Airman attributes life-saving act to AF training

  • Published
  • By Airman 1st Class Jarad A. Denton
  • 28th Bomb Wing Public Affairs
What started as a seemingly normal day for Airman 1st Class Ashley Brady turned into a life or death situation.

"On Saturday, Aug. 28, I went with my family and a group of church friends to Cold Brook Lake, Hot Springs, S.D," Airman Brady, 28th Maintenance Squadron isochronal maintenance apprentice, said in a Sept. 17 e-mail. "I decided the water was too cold for me, so I stayed in my clothes and opted to sit in the sun. It was sometime after lunch when I heard two men on the beach yelling for 'someone to help, get a boat - someone went down.'"

Airman Brady reacted without thinking and immediately dove into the water - while still fully clothed. She swam to a boat in the middle of the lake where Raymond Bald Eagle, the victim, was being pulled out of the water.

"I was exhausted, but still managed to climb over the other side of the boat and immediately began the CPR steps I had been refreshed on only weeks before," she said. "I must have been on auto-pilot, because I don't remember much about the ride to shore or getting out of the boat."

Airman Brady said she and the other rescuers believed Mr. Bald Eagle had been under water for nearly five minutes. He was blue and unresponsive.

"When we reached the shore, I assessed his vitals again and began chest compressions. At this point another church friend, also trained in CPR, was there to assist with the breathing. I did compressions while screaming commands for breaths. We did this for nearly 10 minutes until he began to choke, gurgle and breathe."

Debbie Kenaston, a Rapid City resident, assisted Airman Brady with CPR on Mr. Bald Eagle.

"I could see that Ashley was doing chest compressions, so I just started the breathing," Mrs. Kenaston in a Rapid City Journal news article, Aug. 31.

After he began breathing on his own, Airman Brady rolled Mr. Bald Eagle into the recovery position, she began rubbing his back and comforting him and the family around him. Once medical personnel arrived, Mr. Bald Eagle was taken to Rapid City and put in the intensive care unit for kidney failure and a lung infection. Once his condition stabilized, Airman Brady visited him in the hospital where he thanked her for saving his life and shared "a long overdue hug" with her.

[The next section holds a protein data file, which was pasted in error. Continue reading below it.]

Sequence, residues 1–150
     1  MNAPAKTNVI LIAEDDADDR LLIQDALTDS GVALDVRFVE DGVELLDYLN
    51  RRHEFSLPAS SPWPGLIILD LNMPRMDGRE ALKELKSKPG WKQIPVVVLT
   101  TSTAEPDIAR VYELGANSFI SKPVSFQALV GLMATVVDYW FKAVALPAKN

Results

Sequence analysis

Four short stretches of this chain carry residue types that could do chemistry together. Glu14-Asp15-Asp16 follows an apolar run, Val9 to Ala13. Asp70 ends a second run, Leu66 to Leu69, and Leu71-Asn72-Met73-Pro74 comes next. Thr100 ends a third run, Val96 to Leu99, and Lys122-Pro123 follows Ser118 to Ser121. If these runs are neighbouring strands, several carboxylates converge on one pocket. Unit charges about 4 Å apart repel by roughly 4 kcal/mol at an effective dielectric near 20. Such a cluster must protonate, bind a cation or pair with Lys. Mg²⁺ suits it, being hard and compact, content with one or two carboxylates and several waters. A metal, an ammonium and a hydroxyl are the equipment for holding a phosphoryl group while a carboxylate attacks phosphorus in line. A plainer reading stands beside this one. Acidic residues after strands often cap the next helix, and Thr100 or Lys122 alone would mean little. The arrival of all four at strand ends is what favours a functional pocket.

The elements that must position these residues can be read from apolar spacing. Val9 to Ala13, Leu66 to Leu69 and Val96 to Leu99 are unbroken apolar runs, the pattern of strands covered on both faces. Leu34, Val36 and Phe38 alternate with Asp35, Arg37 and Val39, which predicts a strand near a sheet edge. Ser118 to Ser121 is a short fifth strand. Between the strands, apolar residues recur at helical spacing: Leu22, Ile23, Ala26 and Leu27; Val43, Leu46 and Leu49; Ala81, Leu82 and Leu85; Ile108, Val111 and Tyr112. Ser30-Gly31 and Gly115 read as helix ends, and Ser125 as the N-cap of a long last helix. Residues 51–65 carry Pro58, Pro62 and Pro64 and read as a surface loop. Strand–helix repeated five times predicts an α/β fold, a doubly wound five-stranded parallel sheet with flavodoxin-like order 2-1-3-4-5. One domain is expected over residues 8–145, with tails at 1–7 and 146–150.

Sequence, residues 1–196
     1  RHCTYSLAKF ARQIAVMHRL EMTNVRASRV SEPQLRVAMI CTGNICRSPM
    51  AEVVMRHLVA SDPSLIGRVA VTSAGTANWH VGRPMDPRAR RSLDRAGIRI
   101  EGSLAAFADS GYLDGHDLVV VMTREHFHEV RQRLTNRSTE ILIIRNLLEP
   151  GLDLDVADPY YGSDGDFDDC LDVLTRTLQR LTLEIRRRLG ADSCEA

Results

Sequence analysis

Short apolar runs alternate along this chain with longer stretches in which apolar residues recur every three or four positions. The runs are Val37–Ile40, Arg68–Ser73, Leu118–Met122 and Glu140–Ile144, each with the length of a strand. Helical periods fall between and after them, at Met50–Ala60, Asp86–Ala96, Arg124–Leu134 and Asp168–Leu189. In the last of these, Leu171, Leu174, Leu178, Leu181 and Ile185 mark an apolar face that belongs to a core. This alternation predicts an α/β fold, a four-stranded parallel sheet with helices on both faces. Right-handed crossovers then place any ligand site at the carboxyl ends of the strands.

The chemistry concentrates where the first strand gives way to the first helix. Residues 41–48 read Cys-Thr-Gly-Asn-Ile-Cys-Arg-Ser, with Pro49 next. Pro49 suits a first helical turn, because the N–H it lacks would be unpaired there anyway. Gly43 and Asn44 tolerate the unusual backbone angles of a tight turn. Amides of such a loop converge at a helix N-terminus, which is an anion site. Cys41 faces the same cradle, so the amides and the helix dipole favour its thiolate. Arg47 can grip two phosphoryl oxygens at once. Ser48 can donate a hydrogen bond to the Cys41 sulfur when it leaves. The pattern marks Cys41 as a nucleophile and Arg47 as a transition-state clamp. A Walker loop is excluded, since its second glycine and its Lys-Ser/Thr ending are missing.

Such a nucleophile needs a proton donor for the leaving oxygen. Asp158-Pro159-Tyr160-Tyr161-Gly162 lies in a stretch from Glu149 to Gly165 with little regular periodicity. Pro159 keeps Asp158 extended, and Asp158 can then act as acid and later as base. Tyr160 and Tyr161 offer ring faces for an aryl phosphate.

"I can't begin to express how proud everyone in the 28th Maintenance Group is of Airman Brady," said Col. James Katrenak, 28 MXG commander. "Her actions bring honor and distinction to both herself and to the Air Force."

Airman Brady attributes her life-saving actions to the training she received in both the Air Force and at college.

"The fantastic training I received before the Air Force when I graduated college as a Dental Assistant and the training received while in the Air Force, made me robotic," she said. "There wasn't a question or hesitation, the call went out and I responded."

She was taught CPR, First Aid, and the importance of having a good "bedside manner" through her college. The Air Force was able to supplement that training with additional CPR, as well as self-aid buddy care. The combination of training and a desire to save Mr. Bald Eagle's life pushed Airman Brady to react quickly and effectively.

"I was born for this, it's in my nature," she said. "I used to wonder, 'would I actually remember my training if something were to happen?' I am proud of the way I functioned under pressure. It saved Raymond's life."

Airman Brady encourages all Airmen to take the training they receive seriously, because they never know when they will be called on to use it.

"Being Airmen we are certainly held to a higher standard," she said. "Please don't sit in these seemingly boring classes and think 'I'll never use this.' You may need to - and instead of a complete stranger, it may be your brother. Remember your training and have compassion."